THE public is sick of having alcohol-fuelled, late night violence on their streets, a judge has said.
Judge Niclas Parry was speaking as he sentenced a teenager who admitted breaking another young man’s jaw.
It happened when two groups of people fell out at McDonald’s in Wrexham in the early hours the morning. They went outside to sort matters out and ended up struggling in an alley.
Ryan Winter, 18, of Heol Owain, Coedpoeth, punched his victim hard in the face. The victim later needed surgery for a fractured jaw.
Judge Niclas Parry told Winter, who admitted inflicting grievous bodily harm: “This was loutish, alcohol-fuelled behaviour,, the kind of behaviour that the public of Wrexham is sick of having to see in the early hours of the morning. It has to be deterred.”
The judge said it was a sustained assault. Winter had a previous caution for violence in drink and the judge said only custody could be justified.
But he had entered an early guilty plea. He was genuinely remorseful and he had in mind that those with whom he had been involved were willing to take part in violence.
He was only 18, he had the prospect of work and therefore his 10-month youth custody sentence would be suspended for 18 months.
Winter was ordered to carry out 250 hours unpaid work and must remain indoors for the next two months between 6.30pm and 6am.
There was every prospect that Winter would soon be working and the judge said he would therefore order him to pay £400 compensation to his victim.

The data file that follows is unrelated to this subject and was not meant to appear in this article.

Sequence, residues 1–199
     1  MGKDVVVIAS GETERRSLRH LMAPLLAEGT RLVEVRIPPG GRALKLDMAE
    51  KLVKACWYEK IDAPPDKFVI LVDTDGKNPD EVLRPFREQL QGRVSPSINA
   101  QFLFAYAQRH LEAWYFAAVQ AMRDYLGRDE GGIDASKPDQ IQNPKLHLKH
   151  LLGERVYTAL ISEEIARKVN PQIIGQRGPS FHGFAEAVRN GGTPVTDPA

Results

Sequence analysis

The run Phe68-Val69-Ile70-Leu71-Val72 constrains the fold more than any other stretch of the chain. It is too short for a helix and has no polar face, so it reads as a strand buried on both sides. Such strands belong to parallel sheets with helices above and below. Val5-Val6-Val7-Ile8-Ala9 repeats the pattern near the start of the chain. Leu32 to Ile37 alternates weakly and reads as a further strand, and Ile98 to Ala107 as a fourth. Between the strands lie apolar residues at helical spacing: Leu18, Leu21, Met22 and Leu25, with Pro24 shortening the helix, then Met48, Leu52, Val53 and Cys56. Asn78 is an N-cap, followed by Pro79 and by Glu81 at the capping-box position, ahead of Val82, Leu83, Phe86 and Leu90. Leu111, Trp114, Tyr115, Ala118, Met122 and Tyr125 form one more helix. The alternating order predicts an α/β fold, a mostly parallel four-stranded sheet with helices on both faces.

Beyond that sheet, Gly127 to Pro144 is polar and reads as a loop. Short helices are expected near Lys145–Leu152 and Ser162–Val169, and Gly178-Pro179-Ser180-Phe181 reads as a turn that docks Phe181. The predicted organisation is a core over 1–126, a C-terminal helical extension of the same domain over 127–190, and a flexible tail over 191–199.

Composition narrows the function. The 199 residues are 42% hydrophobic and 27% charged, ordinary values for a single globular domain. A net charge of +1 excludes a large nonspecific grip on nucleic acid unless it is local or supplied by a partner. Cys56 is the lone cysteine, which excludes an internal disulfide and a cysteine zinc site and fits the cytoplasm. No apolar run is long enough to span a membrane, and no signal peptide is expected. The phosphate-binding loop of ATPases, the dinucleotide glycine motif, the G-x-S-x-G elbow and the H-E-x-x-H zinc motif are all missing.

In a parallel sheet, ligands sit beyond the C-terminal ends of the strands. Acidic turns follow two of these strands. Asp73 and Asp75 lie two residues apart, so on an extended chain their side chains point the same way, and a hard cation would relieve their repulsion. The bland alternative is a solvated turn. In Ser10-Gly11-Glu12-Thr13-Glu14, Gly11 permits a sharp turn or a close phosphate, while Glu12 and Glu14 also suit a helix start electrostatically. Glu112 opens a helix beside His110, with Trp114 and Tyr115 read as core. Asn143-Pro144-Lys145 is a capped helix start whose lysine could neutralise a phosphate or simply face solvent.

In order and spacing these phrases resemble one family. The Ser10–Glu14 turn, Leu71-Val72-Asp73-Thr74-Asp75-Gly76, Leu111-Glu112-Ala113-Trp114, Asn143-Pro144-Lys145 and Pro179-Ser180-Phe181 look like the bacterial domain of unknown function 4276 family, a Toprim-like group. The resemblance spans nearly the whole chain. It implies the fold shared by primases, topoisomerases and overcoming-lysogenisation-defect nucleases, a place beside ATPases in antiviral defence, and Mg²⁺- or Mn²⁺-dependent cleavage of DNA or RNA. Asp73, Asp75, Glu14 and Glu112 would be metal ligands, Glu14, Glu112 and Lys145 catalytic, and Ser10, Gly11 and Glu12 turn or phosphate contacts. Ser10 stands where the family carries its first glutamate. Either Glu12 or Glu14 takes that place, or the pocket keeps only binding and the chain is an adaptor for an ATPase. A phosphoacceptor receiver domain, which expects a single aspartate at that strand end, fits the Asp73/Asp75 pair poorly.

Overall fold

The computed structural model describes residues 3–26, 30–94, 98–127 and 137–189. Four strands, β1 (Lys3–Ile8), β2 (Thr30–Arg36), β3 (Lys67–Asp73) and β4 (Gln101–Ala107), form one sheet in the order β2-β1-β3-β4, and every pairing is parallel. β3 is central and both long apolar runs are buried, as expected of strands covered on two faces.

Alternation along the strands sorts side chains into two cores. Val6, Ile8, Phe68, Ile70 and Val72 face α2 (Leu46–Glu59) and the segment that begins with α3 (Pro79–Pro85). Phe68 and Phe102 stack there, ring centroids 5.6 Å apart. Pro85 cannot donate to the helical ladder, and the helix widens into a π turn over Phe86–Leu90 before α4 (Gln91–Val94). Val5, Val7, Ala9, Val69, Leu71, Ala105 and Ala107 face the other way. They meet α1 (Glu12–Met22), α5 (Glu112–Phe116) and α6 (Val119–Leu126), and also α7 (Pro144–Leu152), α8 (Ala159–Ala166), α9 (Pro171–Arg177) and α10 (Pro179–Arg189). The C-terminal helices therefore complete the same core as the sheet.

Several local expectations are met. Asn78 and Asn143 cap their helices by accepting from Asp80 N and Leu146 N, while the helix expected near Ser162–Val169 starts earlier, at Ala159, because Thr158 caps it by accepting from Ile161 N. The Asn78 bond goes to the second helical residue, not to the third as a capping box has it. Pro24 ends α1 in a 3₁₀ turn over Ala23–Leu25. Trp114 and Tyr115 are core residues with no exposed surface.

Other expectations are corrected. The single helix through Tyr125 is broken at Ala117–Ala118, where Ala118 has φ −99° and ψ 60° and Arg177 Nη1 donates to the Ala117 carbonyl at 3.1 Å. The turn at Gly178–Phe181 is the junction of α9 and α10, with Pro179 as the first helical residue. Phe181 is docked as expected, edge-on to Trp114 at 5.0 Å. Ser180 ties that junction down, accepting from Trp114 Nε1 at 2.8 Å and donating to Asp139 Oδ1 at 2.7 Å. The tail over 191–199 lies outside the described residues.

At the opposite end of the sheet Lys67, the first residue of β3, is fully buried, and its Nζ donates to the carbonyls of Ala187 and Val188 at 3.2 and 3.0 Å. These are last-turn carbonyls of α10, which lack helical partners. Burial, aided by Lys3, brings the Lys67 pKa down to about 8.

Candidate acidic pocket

Judge Parry told Mold Crown Court: “If you were to re-offend or did not do the work or breach the curfew I would have to send you into custody. I take the view that you are worth a chance. Prove me right.”
Emmalyne Downing, prosecuting, said the violence occurred in the early hours of August 2 and was captured on CCTV, which she played to the court.
A manager at McDonald’s had tried to calm matters down but then asked the groups to leave.
The two groups ended up walking outside and going into an alley and Winter was seen to strike the victim hard to the face. He was one of two people who had hit the victim.
The victim had to have surgery for a fractured jaw, and was on a soft diet for six weeks.
Interviewed, Winter admitted hitting the man in the face but said he could not remember doing it three or four times.
He agreed that he had lost his temper and hit the other man very hard.
Stephen Edwards, defending, said his client was still very young, he was 17 at the time, and still had “a lot of growing up to do”.
There had been a sea-change in his attitude and behaviour since the incident.
He had a partner and had settled down. He rarely went out and there was every prospect that once training was completed then he could take up a responsible position as a crane slinger.
Everyone had been drinking, and the other side had gone outside voluntarily to fight.
There was an argument, he accepted throwing punches, one of which caught the complainant in the face.
His client was not the only one who struck the victim but Mr Edwards said his client accepted that he caused the “very serious and unpleasant injury”.